This is a partial transcript from "The O'Reilly Factor," Nov. 29, 2004, that has been edited for clarity.
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BILL O'REILLY, HOST: In the "Personal Story" segment tonight, 39-year-old Angel Raich (search), she was married and is the mother of two teenagers, has pain every day of her life. Ms. Raich is suffering from scoliosis, brain tumors and near constant nausea, among other things. She says smoking marijuana relieves her pain. And now the Supreme Court is hearing her case, trying to decide whether California's law allowing medical marijuana is constitutional because federal law forbids it.
Joining us now from Washington, where she has been following the situation closely in the Supreme Court chambers, is Ms. Raich.
All right, you smoke marijuana. How much? I mean how much do you use the drug?
ANGEL RAICH, MEDICAL CANNABIS PATIENT: I use it every two hours. I use approximately three ounces a week and between eight and nine pounds of cannabis every year.
O'REILLY: OK, so you -- that's a lot of pot that you're smoking. Now does it -- what does it do that say prescription medicine couldn't do?
RAICH: Well, when I was taking prescription drugs, unfortunately, I was having severe side effect, and multiple allergic reactions to it. So the prescription drugs were actually making me vomit. Whereas cannabis not only helps alleviates symptoms, but it also allows me to gain my appetite so that I can take in 2,500 calories a day. It helps me with my pain. It has actually stabilized my brain tumor. So it really is doing a wonderful job of combatting all of my conditions.
And the side effect that I do have from cannabis is that it makes me hungry. And that's the side effects my doctors do want.
O'REILLY: OK. How long have you been doing this regimen every two hours? How long has this been going on?
RAICH: I've been using cannabis since 1997, late 1997. And since probably about 1999, I've been using approximately that much.
O'REILLY: Do you grow your own?
RAICH: I actually have two "John Does" that grow all my cannabis specifically for me in my hometown of Oakland, California.
O'REILLY: Does your doctor write you a prescription every six months? Or how does that work?
RAICH: I get one every year from him.
O'REILLY: Every year?
RAICH: Every year. I see him regularly along with all of my other specialists. So there is quite a communication between my primary care physician, who does recommend cannabis, along with all my other specialists.
O'REILLY: Why did the federal government get involved with your case?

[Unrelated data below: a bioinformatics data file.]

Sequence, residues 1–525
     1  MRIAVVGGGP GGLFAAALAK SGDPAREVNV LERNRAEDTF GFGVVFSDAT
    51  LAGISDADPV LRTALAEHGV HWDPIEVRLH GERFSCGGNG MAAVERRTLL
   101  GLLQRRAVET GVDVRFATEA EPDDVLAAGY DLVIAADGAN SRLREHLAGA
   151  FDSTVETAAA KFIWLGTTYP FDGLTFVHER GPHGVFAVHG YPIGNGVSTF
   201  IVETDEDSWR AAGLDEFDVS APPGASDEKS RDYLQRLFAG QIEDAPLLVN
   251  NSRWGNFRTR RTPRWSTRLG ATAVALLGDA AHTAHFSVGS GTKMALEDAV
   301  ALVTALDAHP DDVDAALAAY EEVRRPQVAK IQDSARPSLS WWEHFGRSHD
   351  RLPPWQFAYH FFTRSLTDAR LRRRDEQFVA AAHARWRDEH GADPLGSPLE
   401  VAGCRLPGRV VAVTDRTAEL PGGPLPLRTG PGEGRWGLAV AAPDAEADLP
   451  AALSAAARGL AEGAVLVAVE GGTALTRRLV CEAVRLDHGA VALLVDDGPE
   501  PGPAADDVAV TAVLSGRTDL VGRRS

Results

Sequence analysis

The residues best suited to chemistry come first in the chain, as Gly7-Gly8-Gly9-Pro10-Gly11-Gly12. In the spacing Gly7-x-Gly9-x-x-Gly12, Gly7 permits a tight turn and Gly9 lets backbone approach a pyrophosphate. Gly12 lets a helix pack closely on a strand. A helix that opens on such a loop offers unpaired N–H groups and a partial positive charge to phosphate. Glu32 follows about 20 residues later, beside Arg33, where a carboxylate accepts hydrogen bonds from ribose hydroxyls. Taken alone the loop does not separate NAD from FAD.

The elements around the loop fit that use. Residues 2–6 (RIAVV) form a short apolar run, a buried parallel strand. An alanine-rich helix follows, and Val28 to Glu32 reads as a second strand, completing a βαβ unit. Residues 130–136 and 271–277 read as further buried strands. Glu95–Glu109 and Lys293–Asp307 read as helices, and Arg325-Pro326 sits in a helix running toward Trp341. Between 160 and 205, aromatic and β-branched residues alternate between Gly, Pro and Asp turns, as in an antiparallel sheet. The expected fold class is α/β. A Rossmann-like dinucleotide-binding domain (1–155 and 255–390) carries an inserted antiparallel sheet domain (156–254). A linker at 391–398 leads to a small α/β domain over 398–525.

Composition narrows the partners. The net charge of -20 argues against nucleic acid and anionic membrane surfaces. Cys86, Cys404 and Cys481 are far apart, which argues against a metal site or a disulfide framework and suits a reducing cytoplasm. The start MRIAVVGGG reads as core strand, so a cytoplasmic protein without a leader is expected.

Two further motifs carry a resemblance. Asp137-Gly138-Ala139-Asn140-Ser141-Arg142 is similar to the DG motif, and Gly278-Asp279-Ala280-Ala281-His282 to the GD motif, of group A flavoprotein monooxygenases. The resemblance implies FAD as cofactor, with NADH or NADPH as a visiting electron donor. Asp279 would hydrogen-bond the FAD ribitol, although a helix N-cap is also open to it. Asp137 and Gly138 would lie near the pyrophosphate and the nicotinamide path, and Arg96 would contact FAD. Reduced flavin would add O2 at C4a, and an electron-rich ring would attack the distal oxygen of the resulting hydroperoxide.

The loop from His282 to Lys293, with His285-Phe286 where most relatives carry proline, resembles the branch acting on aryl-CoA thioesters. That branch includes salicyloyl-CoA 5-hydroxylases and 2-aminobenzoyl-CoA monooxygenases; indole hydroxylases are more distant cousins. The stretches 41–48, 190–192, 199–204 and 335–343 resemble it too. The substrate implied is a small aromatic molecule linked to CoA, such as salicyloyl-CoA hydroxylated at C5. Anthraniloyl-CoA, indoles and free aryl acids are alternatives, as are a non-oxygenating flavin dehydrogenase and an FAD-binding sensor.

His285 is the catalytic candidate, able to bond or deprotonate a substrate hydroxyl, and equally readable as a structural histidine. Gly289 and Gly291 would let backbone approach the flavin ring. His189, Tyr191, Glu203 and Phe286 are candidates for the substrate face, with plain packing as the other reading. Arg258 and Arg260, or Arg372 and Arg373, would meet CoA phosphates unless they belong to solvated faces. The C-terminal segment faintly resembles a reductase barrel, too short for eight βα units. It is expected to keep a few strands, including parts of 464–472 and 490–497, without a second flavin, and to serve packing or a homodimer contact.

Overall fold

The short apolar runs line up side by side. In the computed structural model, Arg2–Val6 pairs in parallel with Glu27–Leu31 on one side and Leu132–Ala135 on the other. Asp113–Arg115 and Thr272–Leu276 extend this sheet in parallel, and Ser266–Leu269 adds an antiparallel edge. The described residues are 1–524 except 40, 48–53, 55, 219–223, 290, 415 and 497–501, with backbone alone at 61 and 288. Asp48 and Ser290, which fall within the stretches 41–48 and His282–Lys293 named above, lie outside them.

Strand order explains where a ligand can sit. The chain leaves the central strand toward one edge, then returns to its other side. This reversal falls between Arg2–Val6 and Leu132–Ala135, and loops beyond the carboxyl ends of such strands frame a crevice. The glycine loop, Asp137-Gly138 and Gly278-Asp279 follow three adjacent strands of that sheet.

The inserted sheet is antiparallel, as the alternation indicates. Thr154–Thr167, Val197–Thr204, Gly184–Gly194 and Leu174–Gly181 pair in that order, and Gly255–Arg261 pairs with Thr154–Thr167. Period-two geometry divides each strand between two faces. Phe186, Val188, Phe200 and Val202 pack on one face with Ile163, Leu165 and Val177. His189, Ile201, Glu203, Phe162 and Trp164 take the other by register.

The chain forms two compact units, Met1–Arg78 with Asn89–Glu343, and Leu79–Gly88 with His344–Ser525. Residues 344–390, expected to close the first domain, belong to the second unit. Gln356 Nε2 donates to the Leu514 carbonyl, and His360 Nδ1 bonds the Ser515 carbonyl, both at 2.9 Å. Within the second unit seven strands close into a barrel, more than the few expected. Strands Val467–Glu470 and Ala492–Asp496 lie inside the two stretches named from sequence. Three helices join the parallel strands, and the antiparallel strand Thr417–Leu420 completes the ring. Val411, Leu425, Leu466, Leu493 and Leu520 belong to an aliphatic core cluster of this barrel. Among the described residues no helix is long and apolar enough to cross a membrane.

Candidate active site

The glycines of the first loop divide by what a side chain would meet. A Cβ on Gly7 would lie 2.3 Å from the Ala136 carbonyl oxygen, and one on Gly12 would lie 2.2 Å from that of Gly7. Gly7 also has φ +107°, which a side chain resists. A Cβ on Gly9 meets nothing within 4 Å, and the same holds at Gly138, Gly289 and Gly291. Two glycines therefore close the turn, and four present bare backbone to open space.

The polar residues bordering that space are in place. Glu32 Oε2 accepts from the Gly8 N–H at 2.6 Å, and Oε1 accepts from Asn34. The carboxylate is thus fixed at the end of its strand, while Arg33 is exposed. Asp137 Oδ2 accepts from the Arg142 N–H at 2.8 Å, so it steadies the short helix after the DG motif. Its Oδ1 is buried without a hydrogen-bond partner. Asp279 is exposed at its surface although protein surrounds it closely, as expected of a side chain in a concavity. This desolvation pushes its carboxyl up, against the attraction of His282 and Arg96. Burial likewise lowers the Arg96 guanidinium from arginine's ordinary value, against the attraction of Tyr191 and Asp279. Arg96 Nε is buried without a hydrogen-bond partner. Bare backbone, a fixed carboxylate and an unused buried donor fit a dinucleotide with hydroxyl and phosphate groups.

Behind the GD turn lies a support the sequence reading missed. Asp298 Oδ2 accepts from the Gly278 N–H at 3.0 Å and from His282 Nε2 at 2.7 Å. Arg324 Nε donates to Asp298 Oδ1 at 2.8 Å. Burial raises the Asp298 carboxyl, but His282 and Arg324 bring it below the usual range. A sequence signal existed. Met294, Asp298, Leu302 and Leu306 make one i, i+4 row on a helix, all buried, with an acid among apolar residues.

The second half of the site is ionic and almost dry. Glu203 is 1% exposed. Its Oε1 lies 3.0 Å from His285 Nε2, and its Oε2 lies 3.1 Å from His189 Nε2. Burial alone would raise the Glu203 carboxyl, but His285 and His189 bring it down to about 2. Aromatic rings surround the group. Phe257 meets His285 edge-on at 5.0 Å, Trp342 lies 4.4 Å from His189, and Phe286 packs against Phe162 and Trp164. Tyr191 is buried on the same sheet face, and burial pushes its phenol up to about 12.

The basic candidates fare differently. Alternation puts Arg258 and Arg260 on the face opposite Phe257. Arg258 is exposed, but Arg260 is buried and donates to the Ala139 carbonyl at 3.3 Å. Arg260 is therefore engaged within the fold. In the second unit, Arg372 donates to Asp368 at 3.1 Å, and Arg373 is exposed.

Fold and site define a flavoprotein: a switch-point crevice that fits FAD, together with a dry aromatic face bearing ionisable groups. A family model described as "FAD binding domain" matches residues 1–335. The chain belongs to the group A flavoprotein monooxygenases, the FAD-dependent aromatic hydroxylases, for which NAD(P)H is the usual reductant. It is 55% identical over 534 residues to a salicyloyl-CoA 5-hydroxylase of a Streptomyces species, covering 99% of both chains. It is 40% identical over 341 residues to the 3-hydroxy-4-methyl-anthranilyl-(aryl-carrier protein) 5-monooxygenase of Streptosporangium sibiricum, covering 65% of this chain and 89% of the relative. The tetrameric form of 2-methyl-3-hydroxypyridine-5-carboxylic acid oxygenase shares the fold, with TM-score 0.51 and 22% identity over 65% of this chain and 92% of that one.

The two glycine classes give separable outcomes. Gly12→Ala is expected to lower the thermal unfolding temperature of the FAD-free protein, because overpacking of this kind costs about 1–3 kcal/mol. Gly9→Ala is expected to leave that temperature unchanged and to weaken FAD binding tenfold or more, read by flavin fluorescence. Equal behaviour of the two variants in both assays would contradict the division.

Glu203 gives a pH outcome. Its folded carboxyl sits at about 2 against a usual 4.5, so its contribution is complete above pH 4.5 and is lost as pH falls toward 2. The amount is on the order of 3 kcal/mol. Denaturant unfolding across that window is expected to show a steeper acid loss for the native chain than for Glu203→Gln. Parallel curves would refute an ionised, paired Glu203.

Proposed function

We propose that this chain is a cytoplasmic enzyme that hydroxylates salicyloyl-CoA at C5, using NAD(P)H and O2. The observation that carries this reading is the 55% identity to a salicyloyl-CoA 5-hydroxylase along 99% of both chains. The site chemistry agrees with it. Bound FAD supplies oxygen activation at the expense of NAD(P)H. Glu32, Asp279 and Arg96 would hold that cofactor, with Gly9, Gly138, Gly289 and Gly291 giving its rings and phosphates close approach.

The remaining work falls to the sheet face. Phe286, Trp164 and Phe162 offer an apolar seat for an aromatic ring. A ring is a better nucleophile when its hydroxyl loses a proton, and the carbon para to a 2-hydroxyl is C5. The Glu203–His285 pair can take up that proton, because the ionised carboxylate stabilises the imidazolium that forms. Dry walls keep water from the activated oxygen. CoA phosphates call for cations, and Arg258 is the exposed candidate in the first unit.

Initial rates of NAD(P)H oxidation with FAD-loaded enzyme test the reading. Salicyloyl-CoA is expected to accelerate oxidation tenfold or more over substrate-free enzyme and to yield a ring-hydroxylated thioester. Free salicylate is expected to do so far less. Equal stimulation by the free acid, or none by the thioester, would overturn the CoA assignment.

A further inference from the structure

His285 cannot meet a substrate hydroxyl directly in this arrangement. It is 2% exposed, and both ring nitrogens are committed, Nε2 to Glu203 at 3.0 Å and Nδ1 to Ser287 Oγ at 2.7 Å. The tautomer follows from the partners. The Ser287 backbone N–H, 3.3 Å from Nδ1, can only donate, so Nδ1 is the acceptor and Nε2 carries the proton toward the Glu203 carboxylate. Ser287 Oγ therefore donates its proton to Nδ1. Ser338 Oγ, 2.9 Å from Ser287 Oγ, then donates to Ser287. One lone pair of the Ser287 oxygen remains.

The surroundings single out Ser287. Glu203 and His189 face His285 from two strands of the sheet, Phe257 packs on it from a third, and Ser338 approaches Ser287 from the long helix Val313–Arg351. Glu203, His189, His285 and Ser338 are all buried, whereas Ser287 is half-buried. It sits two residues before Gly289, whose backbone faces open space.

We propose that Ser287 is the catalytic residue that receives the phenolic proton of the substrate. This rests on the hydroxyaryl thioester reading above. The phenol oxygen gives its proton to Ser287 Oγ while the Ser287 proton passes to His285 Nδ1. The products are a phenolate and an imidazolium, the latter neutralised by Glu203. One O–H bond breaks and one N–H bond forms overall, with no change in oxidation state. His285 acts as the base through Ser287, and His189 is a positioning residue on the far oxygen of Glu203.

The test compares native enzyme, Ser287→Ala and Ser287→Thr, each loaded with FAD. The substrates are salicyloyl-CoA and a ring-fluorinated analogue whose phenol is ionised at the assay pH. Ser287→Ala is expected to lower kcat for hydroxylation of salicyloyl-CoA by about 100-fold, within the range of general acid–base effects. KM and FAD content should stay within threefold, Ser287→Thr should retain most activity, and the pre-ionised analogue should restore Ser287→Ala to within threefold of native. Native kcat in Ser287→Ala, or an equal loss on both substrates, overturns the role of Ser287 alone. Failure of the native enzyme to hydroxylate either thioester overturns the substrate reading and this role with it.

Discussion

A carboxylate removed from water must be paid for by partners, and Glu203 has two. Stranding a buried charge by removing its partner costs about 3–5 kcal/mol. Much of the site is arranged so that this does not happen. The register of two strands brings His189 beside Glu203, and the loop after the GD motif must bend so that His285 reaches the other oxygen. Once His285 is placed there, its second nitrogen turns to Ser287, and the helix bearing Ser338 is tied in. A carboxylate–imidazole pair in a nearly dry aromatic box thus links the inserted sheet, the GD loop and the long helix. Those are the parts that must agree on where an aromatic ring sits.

RAICH: Well, I actually sued them because of the fact that when I came to the Supreme Court last time with the Oakland Cannabis Buyers Cooperative (search), who was trying to dispense to me, the federal government basically came in and started raiding people in the state of California. And because I have a medical necessity and because I could die without it, I would never have the opportunity to put on a defense. So I went on the offensive.
O'REILLY: All right, so this was a symbolic lawsuit. They weren't coming after you, Ms. Raich. They weren't surrounding your house and demanding that you hand over your pot.
RAICH: No, they have never raided me. However, they have raided one of my co-plaintiffs.
O'REILLY: OK. Now I got a call from a guy in Bakersfield, California on the "Radio Factor" today. And I believe this guy. And he said you know what they're doing in Bakersfield? They've got a clinic. And there's inside the clinic, there's a doctor. And you go in there. And he gives you a prescription much like the one that you have for $150. He just writes it out. You say, doctor, I have a headache or I have this or I have that. He doesn't give you an exam. Just writes the prescription. OK?
And then right next door to this office is a place where you go and they have pot for you. It's like, you know, $150 per pop. And anybody can walk in and do it. That's the problem here, that people like you, who need it, and it helps, are exploited by people who just want to get high in a back door legalization way are using the medical marijuana situation.
RAICH: Yes. That's actually a very good question. I can tell you that I personally haven't heard of any of those types of cases, but I can tell you that if that person was obtaining a recommendation without proper documentation, the doctor would probably be sanctioned by the medical board.
O'REILLY: I don't know. It's a "Dr. Feelgood" type situation. You know how some doctors are -- they'll give you a prescription for anything. You walk in and say, hey I got a crick in my neck and you got Xanax (search).
That's what's going on. And I believe it is going on. And there lies the problem is that the federal government is afraid, hey, you open this door and you're going to get these things all over the place, unscrupulous doctors for $150 a pop, who will be writing these things out.
You saw what the Supreme Court heard today. You want to make a prediction on it?
RAICH: You know, I think it's going to be very interesting. I feel confident that the justices did a very good job of taking the case under consideration. I also feel that it was very clear that the justices also looked at people with life-threatening conditions, as myself.
RAICH: And I think that there's a good possibility that they may craft a narrow decision for us.
O'REILLY: Yes, I do, too. And we hope you get better. And thank you, Ms. Raich, for coming on and talking to us.
RAICH: Thank you so very much for having me on your show. Thank you.
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